Kim (1984)

TV Movie   |    |  Adventure, Drama, Family

Kim (1984) Poster

A friendly street kid in India, during the last years of the nineteenth century, looks and considers himself Indian, but is in fact a Brit. The Brits discover his true origin, and train him as a spy.


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User Reviews

21 August 2005 | jz-10
| One of the best TV movies ever
This is enjoyable in every way. Ravi Sheth is tremendous as Kim, the street urchin-turned spy. All departures from Kipling's book are changes for the better--for instance, here, Kim is conflicted by the Irish side of his heritage and angrily resists the British forcing him into school. In Kipling's novel, Kim couldn't wait to rub his "sahib" status into the faces of his friends on the street.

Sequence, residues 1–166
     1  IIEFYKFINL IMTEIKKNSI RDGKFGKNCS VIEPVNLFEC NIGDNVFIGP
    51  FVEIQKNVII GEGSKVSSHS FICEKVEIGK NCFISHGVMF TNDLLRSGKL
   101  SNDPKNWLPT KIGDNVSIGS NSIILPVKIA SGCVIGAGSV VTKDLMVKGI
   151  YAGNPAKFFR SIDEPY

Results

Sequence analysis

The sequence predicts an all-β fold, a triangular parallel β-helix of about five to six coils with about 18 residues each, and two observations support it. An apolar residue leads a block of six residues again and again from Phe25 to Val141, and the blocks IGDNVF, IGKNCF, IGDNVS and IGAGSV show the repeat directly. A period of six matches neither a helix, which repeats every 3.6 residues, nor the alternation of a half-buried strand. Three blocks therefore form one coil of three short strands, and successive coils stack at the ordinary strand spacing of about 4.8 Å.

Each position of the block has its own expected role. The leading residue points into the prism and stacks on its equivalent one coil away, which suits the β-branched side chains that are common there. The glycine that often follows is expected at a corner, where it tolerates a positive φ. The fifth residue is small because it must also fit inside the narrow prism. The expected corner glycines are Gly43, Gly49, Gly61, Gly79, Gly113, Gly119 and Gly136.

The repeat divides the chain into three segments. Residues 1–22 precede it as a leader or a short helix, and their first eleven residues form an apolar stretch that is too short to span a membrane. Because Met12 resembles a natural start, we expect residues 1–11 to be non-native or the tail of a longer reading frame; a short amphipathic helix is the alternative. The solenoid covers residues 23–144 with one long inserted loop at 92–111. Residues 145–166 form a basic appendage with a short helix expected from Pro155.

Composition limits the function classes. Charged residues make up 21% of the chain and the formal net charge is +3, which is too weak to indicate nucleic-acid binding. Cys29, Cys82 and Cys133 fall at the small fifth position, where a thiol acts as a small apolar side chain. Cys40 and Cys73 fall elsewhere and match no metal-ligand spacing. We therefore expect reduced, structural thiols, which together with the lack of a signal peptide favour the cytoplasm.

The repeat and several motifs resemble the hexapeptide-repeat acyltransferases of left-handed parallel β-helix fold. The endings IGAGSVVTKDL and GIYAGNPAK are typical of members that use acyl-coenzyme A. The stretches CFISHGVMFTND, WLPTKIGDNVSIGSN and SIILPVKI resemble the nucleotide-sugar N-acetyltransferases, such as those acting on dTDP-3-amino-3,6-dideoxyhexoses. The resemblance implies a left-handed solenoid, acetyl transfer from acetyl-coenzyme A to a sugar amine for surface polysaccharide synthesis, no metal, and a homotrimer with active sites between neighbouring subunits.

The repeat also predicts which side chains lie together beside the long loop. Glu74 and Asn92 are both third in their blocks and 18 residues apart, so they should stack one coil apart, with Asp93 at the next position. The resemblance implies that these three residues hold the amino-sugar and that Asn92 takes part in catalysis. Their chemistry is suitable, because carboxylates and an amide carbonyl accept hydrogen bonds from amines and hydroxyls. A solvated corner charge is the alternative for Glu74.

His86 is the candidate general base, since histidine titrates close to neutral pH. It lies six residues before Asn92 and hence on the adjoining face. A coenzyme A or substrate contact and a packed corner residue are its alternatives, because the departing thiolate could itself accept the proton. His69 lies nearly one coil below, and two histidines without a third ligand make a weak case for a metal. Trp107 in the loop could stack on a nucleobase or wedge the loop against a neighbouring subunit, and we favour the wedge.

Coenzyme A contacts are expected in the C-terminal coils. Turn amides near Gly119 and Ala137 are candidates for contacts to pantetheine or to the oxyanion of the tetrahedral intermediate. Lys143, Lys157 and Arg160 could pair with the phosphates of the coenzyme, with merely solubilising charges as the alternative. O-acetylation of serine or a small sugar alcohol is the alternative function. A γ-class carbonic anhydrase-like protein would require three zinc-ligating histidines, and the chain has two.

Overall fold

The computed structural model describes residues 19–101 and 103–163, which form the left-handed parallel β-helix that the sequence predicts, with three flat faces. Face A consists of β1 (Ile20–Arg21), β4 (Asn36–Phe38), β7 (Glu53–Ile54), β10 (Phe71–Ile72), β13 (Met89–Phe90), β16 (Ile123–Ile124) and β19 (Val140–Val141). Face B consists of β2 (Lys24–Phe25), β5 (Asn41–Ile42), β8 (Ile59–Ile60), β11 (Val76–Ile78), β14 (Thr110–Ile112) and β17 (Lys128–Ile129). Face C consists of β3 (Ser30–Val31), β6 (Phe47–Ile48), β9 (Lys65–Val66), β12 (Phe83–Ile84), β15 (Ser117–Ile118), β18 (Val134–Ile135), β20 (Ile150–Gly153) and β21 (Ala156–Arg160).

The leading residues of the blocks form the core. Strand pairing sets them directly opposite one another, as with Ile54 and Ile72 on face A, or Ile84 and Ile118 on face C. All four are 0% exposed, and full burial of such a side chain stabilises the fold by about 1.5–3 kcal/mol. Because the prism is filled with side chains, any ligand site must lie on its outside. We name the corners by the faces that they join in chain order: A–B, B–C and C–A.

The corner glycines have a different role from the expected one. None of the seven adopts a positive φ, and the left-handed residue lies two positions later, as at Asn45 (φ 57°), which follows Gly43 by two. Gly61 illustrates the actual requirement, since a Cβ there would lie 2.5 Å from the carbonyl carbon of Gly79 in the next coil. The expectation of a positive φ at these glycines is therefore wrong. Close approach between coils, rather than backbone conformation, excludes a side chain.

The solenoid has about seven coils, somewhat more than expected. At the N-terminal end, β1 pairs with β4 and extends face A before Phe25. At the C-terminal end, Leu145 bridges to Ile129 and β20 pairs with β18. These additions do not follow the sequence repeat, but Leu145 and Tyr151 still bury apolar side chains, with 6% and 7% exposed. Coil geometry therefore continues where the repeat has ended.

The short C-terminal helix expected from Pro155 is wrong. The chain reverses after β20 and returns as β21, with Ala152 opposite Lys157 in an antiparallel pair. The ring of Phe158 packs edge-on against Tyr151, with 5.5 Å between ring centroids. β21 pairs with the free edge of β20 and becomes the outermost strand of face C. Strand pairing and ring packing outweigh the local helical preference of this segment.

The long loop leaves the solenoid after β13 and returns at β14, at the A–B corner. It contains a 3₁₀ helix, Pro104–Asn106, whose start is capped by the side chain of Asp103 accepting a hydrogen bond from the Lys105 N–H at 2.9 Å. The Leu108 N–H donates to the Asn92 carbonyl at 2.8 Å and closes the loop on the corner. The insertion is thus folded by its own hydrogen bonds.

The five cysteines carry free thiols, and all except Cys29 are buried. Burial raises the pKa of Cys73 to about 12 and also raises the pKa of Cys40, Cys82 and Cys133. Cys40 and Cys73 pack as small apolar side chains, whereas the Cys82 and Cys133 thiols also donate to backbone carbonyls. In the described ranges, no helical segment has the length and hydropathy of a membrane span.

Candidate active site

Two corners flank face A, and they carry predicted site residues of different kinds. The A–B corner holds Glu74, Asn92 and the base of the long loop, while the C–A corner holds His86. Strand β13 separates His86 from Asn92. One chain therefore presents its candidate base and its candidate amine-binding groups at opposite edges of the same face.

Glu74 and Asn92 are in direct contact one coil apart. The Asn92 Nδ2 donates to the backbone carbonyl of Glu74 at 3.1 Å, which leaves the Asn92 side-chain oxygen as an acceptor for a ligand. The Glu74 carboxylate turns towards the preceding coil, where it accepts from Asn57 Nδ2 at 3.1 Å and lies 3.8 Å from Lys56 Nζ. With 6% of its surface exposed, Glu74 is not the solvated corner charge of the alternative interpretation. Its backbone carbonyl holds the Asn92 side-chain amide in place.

Kim's transformation from homeless beggar to Secret Service agent is very well depicted, and so is his devotion to the gentle lama who is quite helpless on the mean streets of India.

The only significant flaws are in the casting of very non-Indian actors as the Lama, Mahbub Ali, and Babu. John Rhys-Davis is decent as Babu, but unfortunately, it's Peter O'Toole who is by far the worst fault of the film. His makeup is awful and his exaggerated doddering mannerisms are absurd, and anyone who's had any acquaintance with Tibetan Buddhism knows his costume is atrociously inauthentic as well. In addition, some of the scene changes are also difficult to follow. Yet overall, the movie works, and works very well.

This story is human, amusing, exciting, and heartwarming. The "friend of all the world" will delight you.


Plot Summary


Adventure | Drama | Family

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